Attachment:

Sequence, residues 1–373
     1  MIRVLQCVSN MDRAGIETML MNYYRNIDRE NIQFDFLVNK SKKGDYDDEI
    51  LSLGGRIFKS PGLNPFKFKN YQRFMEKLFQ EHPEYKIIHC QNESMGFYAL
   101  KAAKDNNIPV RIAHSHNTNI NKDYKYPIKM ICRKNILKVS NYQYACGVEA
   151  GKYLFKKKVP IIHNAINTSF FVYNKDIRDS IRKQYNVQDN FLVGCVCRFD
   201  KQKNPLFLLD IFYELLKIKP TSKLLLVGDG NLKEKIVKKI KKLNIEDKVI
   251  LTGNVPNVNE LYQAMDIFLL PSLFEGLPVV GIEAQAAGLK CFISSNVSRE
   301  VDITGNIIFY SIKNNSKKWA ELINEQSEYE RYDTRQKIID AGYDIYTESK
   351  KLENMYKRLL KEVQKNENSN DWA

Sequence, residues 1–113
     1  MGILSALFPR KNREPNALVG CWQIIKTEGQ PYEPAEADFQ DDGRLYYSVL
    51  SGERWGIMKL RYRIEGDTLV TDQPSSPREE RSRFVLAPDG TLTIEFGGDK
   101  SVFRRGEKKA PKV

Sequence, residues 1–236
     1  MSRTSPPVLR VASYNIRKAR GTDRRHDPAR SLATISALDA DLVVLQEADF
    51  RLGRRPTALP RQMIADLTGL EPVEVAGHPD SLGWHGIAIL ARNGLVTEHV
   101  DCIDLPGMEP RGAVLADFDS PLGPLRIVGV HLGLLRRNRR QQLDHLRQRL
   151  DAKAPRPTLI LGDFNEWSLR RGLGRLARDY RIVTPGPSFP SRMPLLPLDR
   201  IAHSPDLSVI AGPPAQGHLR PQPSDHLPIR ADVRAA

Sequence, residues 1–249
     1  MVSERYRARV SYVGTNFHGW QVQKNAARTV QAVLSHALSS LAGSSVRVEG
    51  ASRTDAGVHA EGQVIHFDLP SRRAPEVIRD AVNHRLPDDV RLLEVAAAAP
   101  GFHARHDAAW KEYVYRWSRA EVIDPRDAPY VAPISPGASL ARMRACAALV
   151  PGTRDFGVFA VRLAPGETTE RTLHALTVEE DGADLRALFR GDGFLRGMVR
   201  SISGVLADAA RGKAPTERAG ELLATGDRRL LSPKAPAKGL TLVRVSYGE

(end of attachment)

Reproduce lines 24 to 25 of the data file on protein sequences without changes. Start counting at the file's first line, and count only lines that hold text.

   151  PGTRDFGVFA VRLAPGETTE RTLHALTVEE DGADLRALFR GDGFLRGMVR
   201  SISGVLADAA RGKAPTERAG ELLATGDRRL LSPKAPAKGL TLVRVSYGE